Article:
For the past eighteen years PR agency Edelman has been measuring World Wide Trust levels. The 2017 version of their trust barometer showed a Total Meltdown of trust in corporations and institutions while at the same time the trust in technology continues to be remarkably high.
In Code We Trust is the second report in a series of four from our new research theme 'Digital Happiness'. Trust is one of the six most important variables that have been identified as supporting well-being (according to the World Happiness Report of 2018). Trust has become such an important part of the current debate on technology, which is why we have fully dedicated our second research report to this.
Trust is defined as a confident relationship with the unknown. But we are far from comfortable when we look at the unknown future. We are seeing trust currently shifting from institutional hierarchies to the network economy in distributed and decentralized business models. Every organization threatens to be disturbed by a more familiar version of itself. Blockchain start-ups offer alternatives to give citizens and consumers more confidence about what is being done with their data. Organizations such as Tripadvisor, Amazon and Airbnb use ratings and reviews to organize our trust. At the same time, they are so successful in generating revenue with their platforms, that trust is becoming a monopoly. Can we trust markets where so much power is in the hands of just a few companies?
While confidence is steadily shifting, our perception of what is real and what is not, is disturbed. Facebook, Twitter and Google have mainly based their business models on advertising. These so-called attention traders publish massive clickbait and fake news to keep our attention. To what extent can we trust their code to organize our lives without losing control of the truth? Before we all make a big leap into the unknown, we must first reconsider how we can organize trust in a sustainable way. Can we rely on technology-based solutions such as the token economy, autonomous intelligent systems and self-organizing platforms? Are we ready for the next digital disruption, for example in biotechnology, if we do not have it all in order digitally yet? What are our options and what do we need to take into account before deciding who and what we trust?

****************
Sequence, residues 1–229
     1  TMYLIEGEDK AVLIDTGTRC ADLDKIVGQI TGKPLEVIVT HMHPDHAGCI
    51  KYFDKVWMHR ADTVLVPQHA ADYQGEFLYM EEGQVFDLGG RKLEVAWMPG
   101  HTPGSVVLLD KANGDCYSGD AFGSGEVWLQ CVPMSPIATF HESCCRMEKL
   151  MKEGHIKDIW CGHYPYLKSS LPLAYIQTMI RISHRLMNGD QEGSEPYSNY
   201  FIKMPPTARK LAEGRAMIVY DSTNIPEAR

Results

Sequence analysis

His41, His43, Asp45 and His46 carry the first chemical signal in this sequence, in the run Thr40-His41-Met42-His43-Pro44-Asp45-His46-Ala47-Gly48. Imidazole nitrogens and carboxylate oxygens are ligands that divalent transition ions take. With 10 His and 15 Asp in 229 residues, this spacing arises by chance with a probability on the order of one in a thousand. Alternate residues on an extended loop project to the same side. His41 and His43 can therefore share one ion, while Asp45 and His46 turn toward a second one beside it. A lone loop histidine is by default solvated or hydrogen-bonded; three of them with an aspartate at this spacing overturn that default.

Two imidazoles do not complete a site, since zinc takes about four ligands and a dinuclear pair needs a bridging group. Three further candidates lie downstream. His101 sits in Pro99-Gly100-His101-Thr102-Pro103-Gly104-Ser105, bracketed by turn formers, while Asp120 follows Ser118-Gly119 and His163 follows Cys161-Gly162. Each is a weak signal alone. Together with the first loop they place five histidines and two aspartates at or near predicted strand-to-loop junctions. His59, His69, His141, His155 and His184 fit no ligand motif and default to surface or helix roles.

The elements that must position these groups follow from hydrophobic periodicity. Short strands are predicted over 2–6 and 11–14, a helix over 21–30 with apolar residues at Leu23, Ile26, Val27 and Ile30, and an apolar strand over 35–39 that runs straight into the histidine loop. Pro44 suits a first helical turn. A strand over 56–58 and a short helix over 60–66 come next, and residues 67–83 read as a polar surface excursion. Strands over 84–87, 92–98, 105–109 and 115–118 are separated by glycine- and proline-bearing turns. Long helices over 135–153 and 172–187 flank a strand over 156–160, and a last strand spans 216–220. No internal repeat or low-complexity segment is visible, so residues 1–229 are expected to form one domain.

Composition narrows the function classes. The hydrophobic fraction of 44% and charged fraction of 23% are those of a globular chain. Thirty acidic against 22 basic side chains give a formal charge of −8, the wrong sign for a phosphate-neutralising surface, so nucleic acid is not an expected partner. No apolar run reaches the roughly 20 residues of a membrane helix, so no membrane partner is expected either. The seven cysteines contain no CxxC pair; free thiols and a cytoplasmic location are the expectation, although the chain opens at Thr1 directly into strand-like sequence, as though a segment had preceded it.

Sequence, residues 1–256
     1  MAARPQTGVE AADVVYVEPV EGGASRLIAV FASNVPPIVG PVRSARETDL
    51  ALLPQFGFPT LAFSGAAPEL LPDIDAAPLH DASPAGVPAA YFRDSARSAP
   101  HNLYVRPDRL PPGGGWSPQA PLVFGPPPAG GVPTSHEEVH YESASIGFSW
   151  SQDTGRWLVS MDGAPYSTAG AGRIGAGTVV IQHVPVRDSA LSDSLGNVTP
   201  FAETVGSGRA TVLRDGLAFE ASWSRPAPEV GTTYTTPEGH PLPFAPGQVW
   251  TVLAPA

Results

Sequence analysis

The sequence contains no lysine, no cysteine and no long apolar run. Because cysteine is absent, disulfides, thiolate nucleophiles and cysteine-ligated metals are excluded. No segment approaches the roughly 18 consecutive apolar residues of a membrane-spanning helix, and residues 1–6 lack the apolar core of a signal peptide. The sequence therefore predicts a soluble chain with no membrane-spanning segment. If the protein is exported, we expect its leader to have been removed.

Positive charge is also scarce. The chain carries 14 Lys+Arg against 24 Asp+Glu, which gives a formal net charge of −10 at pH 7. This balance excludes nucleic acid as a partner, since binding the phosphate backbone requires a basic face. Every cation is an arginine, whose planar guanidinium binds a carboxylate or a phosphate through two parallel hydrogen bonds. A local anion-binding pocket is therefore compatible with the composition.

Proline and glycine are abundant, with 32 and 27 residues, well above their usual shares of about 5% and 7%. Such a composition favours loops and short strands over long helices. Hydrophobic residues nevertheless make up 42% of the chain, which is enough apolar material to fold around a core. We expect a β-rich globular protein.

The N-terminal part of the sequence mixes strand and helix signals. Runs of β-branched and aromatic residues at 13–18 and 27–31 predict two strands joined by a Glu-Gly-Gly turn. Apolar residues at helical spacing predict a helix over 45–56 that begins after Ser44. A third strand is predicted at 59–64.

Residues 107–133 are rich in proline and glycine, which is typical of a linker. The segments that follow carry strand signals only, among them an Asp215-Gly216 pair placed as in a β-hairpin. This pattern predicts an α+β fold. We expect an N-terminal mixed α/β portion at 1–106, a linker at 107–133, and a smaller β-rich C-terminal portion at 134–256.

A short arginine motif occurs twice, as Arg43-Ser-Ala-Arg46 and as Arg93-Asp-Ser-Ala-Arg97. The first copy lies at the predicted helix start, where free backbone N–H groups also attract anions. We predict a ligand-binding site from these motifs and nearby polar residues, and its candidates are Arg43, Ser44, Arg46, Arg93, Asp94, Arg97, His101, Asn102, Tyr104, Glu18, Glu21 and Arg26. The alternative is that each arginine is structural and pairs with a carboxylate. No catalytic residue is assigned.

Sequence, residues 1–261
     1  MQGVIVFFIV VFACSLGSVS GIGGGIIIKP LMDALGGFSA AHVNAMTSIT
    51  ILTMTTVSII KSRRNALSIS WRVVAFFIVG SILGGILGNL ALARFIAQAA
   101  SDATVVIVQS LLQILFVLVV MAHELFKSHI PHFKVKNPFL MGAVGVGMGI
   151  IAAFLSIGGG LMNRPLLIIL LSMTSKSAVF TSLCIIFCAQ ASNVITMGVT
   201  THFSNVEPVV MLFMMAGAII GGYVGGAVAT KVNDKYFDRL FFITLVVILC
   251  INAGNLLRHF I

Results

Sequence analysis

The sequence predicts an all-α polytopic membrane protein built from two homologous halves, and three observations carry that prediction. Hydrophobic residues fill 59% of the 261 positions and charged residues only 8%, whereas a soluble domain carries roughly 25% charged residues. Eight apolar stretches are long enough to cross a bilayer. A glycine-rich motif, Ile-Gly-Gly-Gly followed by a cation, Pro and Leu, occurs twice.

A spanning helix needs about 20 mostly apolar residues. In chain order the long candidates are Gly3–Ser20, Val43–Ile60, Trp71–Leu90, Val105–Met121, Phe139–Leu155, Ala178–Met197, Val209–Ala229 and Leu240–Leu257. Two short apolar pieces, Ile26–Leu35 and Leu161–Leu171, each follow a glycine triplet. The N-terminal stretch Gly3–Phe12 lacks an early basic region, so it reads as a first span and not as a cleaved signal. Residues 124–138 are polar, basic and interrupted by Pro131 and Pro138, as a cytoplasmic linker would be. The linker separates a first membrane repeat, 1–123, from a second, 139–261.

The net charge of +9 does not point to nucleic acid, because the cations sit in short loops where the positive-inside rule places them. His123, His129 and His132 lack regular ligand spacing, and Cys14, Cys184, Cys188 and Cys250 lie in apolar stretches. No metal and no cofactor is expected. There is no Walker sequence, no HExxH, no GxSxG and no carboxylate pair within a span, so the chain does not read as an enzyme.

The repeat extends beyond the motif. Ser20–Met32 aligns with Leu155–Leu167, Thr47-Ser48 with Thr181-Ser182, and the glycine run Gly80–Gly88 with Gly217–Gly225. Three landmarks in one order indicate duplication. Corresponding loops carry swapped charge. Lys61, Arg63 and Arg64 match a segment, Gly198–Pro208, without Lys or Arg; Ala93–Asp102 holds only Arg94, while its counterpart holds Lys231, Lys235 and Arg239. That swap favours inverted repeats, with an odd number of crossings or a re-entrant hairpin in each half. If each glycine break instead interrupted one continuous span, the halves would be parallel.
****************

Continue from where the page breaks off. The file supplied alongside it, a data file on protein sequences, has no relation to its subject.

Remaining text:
• Is your company competing with a more familiar version of itself?
• Can code really be trusted and how can the entire IT industry work to improve the status quo?
• Will citizens and consumers take back control of their digital identity and data?
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Menno van Doorn leads the SogetiLabs Research Institute, which is part of technology provider, Sogeti for the analysis of new technologies. His field of expertise is human centered technology strategies. Educated in consumer psychology, he has co-authored books and studies on social media, mobile behavior, blockchain, IOT and artificial intelligence. Menno supports organizations in defining their happiness advantage and envisioning and designing happiness strategies.
Sander Duivestein (1971) is a highly acclaimed and top-rated trendwatcher, an influential author, an acclaimed keynote speaker, a digital business entrepreneur, and a strategic advisor on disruptive innovations. His main focus is the impact of new technologies on people, businesses and society. He is therefore a much sought-after speaker for conferences, strategy sessions and other business gatherings.
Thijs Pepping is a Trend Analyst at SogetiLabs’ research center. His expertise is the impact of new digital technologies on the individual, organization and society. After his study at the University of Humanistic Studies at Utrecht he pursued a career in Test Consultancy. In his research for SogetiLabs and in his workshops and keynotes he combines both perspectives: the digital and the humanistic view on life resulting in an inspiring mix of digital humanism.